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Calorimetry involves the experimental quantification of heat released in a chemical process, either a reaction or a conformational alteration. It can be used to determine parameters such as the Heat of Reaction (ΔrH), which is the change in enthalpy associated with the process of a chemical reaction. When ΔrH is a negative value, the process is exothermic and releases heat; when ΔrH is a positive value, the process is endothermic and requires heat input. Calorimetry uses a closed system, meaning there is a system separated from its surroundings by some boundary, through which heat and energy but not mass are able to flow. Calorimetry may be conducted at either constant pressure or volume and allows one to monitor the change in temperature as a result of the chemical process being investigated.
Differential scanning calorimetry is a specific type of calorimetry including both a sample substance and a reference substance, residing in separate chambers. While the reference chamber contains only a solvent (such as water), the sample chamber contains an equal amount of the same solvent in addition to the substance of interest, of which the ΔrH is being determined. The ΔrH due to the solvent is constant in both chambers, so any difference between the two can be attributed to the presence of the substance of interest. Each chamber is heated by a separate source in a way that their temperatures are always equal. This is accomplished through the use of thermocouples; the temperature of each chamber is constantly monitored and if a temperature difference is detected, then heat will be added to the cooler chamber to compensate for the difference. The heating rate used to maintain equivalent temperatures is logged as a function with respect to the temperature.
For example, if the experimental goal is to determine the ΔrH of a protein denaturation process, the reference cell could contain 100 mL H20, and the sample cell could contain 1 mg of the protein in addition to the same 100 mL H20. Therefore, the contribution of the solvent (H20) to the heat capacity of each cell would be equal, and the only difference would be the presence of the protein in the sample chamber.
The following equation relates the change in temperature to the change in enthalpy:
where dH is the rate of change in enthalpy, CP is the molar heat capacity of the calorimeter, dT is the rate of change in temperature, n is the number of moles of material, and Ti and Tf are the initial and final temperatures, respectively. This equation can be integrated to yield
Callstack: at Physical_Chemistry/Thermodynamics/Calorimetry/Differential_Scanning_Calorimetry
where ΔH is the total change in enthalpy and ΔT is the change in temperature.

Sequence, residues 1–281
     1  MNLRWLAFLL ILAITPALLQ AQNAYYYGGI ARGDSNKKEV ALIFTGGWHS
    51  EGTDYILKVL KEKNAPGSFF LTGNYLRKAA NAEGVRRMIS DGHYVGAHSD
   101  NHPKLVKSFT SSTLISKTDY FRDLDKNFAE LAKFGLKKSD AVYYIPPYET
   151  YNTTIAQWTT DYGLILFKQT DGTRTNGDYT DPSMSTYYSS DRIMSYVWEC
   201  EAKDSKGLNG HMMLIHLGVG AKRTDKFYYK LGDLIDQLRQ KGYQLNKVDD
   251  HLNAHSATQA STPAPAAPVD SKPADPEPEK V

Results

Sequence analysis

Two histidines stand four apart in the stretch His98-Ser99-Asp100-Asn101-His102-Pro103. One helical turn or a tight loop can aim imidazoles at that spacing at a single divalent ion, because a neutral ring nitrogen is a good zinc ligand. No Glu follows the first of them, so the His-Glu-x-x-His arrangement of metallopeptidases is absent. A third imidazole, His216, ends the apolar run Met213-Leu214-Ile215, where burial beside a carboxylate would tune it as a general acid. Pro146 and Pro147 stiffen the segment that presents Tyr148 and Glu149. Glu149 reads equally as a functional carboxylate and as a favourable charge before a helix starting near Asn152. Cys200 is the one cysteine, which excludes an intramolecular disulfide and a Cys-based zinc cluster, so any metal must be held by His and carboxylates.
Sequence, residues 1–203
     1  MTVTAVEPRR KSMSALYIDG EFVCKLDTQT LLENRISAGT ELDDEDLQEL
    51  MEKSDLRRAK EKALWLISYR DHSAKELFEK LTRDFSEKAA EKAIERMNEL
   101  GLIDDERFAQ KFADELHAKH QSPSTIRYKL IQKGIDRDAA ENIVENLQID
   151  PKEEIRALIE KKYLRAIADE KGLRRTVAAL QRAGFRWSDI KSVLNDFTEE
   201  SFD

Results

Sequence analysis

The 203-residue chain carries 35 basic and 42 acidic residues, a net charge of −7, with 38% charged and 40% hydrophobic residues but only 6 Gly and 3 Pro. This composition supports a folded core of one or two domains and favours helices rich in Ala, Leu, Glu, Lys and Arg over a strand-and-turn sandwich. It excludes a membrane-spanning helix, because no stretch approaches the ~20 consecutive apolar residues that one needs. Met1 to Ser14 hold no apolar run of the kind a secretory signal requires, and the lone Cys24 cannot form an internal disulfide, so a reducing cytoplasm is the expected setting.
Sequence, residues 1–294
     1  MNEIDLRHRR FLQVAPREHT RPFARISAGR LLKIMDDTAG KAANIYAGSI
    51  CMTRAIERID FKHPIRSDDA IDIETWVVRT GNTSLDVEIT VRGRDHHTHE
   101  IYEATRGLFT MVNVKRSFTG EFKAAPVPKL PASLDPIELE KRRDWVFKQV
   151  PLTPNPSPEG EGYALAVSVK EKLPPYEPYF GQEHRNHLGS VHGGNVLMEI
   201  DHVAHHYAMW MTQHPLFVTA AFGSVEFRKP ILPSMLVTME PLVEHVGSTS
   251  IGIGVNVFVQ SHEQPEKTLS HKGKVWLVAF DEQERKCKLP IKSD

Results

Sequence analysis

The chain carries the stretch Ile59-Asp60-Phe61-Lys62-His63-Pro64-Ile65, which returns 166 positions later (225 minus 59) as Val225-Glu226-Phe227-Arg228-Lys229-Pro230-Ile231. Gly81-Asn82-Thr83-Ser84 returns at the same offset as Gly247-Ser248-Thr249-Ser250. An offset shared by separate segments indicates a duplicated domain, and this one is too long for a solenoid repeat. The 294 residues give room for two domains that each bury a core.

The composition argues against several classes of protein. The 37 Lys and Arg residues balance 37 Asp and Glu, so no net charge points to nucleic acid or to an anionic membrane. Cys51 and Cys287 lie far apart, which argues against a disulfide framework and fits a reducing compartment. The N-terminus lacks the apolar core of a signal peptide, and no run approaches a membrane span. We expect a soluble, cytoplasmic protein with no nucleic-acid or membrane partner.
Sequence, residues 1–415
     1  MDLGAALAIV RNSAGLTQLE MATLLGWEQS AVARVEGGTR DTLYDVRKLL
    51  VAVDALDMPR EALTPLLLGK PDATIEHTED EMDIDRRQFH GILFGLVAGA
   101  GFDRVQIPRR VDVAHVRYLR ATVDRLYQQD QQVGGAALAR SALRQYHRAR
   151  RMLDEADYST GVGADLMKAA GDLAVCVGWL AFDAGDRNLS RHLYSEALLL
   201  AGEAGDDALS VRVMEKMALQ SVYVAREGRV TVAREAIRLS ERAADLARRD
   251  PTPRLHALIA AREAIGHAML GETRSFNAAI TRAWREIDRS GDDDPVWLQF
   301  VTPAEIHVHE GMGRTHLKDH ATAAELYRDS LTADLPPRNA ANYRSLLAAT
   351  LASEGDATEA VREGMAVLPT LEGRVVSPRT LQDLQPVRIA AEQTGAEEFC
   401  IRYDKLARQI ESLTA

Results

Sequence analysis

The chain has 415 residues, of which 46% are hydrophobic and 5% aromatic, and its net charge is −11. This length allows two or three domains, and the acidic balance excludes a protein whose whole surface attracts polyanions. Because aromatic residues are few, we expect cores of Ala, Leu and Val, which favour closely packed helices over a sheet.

The output yielded by differential scanning calorimetry is called a differential thermogram, which plots the required heat flow against temperature. Data analysis is highly dependent on the assumption that both the reference and sample cells are constantly and accurately maintained at equal temperatures.
This graph indicates the change in power (electrical heat) as the temperatures of the two cells are gradually increased. A change in specific heat results in a small change in power, and can be either positive or negative depending on the particular process. The advent of an endothermic reaction will cause an increase in power as temperature increases, since additional heat is required to drive the reaction and still maintain the reference temperature. When an exothermic reaction occurs, the opposite effect is observed; power decreases because heat is released by the reaction and less power is required to maintain equivalent temperatures in the chambers.
Differential scanning calorimetry can be used to study many different fields including biopolymer energetics where it is used to find the enthalpy of the protein denaturation process. A protein can be changed from its native state, in which it has a specific conformation due to non-covalent intramolecular interactions, to a denatured state where this characteristic structure is altered. Analysis of proteins through DSC can provide both the enthalpy of denaturation and information about the cooperativity of the denaturation process. A sharper peak in the thermogram indicates a higher level of cooperativity, meaning that when one structural association is disturbed, the likelihood of disruption at other points of association will be enhanced.
DSC is also used in conjunction with differential thermal analysis. Through the combination of these two techniques, thermal behavior of inorganic compounds can be studied while the melting, boiling and decomposition points of organic compounds and polymers are found.
(1) Skoog, Douglas A. Principles of Instrumental Analysis. Brooks/Cole, 1985. Print.
(2) Chang, Raymond. Physical Chemistry for the Biosciences. New York: University Science, 2005. Print.
This material is based upon work supported by the National Science Foundation under Grant Number 1246120